A popular nautical tattoo symbol, a Mermaid is a legendary creature thought to be half human, almost always a woman, and half fish. Sailors usually reported seeing mermaids after having spent many months at sea, and probably after having had one too many tots of rum! Mermaids were often portrayed sitting on a rock, combing their long flowing tresses while gazing into a mirror. Mermaids were symbols of potent female energy and the underlying threat was that a sailor would be lured to his death by drowning if he pursued a mermaid. Sirens were similar, in that they were beautiful women-like creatures who with their songs and their beauty would lure sailors and their ships to wreck upon the rocks. Unions between mermaids and the sailors or men they fall in love with, almost always end tragically.
The Mermaid, and to a lesser extent, Merman, is an enduring mythological figure and symbol and has been around for thousands of years in many different cultures. Early mermaid legends can be traced back nearly five thousand years around the Mediterranean. In Greek mythology, mermaid-like creatures make their appearance. The Greeks were a great sea faring people and the Greek Empire, supported in great part by their naval prowess at one time nearly encircled the Mediterranean. The Greeks were obviously aware of and exposed to all the legends and myths surrounding mermaids and siren-like creatures.
In Greek Mythology, Mermaid-like creatures were often the results of unions between Gods and sea creatures, such as Zeus and Poseidon, and they were identified with the Greek Goddess Aphrodite, who was born from the sea, and who also symbolized erotic love to the Greeks. Aphrodite was also the Goddess of Fertility, and goddess of fair sailing, along with her companion the sacred dolphin.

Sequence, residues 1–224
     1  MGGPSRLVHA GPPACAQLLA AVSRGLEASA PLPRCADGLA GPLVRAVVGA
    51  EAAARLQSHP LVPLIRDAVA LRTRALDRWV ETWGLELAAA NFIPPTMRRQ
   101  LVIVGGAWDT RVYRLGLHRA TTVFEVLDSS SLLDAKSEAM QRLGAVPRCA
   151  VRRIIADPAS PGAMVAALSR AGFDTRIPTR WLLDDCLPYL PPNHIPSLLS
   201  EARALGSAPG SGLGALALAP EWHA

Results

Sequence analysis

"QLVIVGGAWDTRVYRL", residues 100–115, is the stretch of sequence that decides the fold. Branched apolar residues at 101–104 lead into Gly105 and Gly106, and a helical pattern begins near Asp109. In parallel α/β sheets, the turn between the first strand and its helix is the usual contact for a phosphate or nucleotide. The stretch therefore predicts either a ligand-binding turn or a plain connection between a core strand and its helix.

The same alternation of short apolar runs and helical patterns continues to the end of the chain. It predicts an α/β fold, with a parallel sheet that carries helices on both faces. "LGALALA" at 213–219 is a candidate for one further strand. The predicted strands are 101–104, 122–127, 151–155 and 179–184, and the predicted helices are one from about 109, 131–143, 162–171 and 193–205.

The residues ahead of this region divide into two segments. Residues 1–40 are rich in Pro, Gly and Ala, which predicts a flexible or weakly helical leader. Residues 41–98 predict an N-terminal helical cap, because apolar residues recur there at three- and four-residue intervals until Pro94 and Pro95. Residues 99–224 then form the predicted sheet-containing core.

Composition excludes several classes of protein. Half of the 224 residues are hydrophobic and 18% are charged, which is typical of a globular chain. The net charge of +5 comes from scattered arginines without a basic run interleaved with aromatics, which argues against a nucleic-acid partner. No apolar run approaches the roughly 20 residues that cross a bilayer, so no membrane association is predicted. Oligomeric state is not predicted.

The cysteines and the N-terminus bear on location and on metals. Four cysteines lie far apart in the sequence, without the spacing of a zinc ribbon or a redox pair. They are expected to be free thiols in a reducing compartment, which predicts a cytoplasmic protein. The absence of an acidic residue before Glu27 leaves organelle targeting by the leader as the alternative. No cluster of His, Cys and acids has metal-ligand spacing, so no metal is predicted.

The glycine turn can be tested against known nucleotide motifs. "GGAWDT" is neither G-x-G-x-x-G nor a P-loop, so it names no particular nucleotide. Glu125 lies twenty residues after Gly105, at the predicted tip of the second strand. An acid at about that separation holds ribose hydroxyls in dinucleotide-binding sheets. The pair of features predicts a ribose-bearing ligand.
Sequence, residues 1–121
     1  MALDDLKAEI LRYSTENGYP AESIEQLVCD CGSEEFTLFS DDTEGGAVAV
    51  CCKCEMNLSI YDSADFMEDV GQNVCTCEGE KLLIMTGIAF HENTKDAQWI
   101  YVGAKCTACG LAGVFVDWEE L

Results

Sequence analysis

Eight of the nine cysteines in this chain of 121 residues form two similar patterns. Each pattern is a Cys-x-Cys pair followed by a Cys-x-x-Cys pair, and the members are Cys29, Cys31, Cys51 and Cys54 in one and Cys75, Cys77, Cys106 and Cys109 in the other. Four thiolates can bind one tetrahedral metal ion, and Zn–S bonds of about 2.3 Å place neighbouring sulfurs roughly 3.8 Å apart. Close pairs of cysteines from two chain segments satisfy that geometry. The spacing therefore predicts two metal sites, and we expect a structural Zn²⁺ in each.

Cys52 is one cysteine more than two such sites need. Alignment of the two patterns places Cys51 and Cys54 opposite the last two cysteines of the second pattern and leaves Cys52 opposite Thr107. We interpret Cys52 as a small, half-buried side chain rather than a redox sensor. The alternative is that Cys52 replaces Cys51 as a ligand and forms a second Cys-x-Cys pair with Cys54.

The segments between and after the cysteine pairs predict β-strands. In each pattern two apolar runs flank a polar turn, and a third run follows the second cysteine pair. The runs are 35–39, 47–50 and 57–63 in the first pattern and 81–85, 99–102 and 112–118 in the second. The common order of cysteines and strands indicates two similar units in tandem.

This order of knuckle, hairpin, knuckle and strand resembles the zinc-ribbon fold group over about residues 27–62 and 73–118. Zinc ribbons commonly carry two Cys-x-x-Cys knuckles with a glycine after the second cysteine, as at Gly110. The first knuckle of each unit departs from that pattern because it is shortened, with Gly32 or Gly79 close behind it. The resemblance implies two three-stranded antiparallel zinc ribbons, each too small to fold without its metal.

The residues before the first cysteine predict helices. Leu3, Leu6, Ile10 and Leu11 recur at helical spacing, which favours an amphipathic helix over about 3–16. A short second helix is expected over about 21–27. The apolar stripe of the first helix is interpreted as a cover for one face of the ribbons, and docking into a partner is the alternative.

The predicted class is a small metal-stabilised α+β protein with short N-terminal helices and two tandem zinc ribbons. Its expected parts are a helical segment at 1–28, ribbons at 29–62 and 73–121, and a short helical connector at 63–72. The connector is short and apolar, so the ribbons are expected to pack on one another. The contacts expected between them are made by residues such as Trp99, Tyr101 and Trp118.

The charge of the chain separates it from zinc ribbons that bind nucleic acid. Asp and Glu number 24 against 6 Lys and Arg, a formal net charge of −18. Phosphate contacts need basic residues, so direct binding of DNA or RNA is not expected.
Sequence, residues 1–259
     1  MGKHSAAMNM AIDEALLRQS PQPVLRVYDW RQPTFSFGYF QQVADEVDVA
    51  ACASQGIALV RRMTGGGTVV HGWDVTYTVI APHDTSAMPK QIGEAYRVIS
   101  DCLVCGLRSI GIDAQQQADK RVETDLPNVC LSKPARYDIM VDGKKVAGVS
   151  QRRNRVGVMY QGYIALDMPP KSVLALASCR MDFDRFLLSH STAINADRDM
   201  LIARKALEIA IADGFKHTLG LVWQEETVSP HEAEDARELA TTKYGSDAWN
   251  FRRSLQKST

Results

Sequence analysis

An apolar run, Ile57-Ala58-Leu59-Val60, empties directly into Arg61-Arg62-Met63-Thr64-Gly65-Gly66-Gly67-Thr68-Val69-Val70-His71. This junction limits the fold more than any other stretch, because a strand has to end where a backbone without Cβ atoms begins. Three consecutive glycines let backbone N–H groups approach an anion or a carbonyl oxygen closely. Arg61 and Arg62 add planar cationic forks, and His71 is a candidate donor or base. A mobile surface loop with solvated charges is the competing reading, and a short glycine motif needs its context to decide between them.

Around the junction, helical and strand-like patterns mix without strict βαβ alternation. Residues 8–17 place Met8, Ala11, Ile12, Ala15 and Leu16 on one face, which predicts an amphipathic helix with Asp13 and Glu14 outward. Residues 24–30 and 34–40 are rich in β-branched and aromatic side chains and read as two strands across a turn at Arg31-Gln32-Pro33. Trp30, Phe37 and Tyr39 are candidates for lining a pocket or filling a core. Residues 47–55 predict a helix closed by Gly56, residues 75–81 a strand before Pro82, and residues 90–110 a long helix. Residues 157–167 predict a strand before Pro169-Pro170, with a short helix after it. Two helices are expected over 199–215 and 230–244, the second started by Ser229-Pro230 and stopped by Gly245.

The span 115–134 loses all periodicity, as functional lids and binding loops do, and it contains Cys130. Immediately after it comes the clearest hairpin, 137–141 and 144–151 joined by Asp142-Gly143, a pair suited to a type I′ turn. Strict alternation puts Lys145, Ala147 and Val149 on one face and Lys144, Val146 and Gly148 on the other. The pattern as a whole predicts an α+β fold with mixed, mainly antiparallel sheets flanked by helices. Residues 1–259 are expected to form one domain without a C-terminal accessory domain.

Many of the symbols and attributes associated with Aphrodite, were subsequently symbolized in the Roman Goddess Venus, retaining as well in the mermaid myth. In Botticelliâ€™s famous painting, â€œThe Birth of Venusâ€, the Goddess can be seen rising naked from the sea, her naked body draped only by her luxurious hair. Venusâ€™ mirror, later a symbol of her vanity, originally represented the planet Venus in astrological tradition.
The long flowing hair of the Mermaid (symbolizing an abundant love potential) can also be seen in the representations of the Goddesses Aphrodite and Venus, and their roles as a potent fertility goddesses. The Mermaidâ€™s comb, necessary to keep all that hair in order, carried sexual connotations for the Greeks, as their words for comb, kteis and pecten, also signified the female vulva.
France has the legends of Melusine and Undine, both water-spirits who married noblemen. These mixed marriages in legend almost invariably fail miserably, with the unhappy mermaid ultimately unable to abandon her ocean element.
In Germany on the Rhine River they had their Lorelei or Nix, a beautiful blonde siren who sat on a cliff luring boatmen to their deaths with her songs, in traditional style.
In Norway the â€˜havfrauâ€™ portends imminent disaster if sighted sitting on the surface of the water combing her long golden hair with a golden comb.
The Japanese have their mermaids known as Ningyo.
The Tiger is a potent symbol across Asia in many cultures and has long been a fixture in indigenous tattooing in India, Burma, Thailand, Cambodia, Indonesia, Malaysia, China and Japan. Tigers are associated with power, ferocity, passion and sensuality, beauty and speed, cruelty and wrath. The appearance of a tiger in a dream may signal that new power or passion may awaken within you.
Some Asian cultures have stories about were tigers, people that can change themselves into tigers, much like the werewolves seen in horror movies. According to their legends, the Tibetans and Na-hsi of the Yunnan province in China have descended from tigers. The Na-hsi give tiger figures to boys and girls at their coming-of-age ceremonies and also to newly wed couples.
foreign couple gets a mermaid and tiger tattoo design as an anniversary gift, Â done in morbid tattoo parlor in cash and carry mall Makati Manila, Philippines.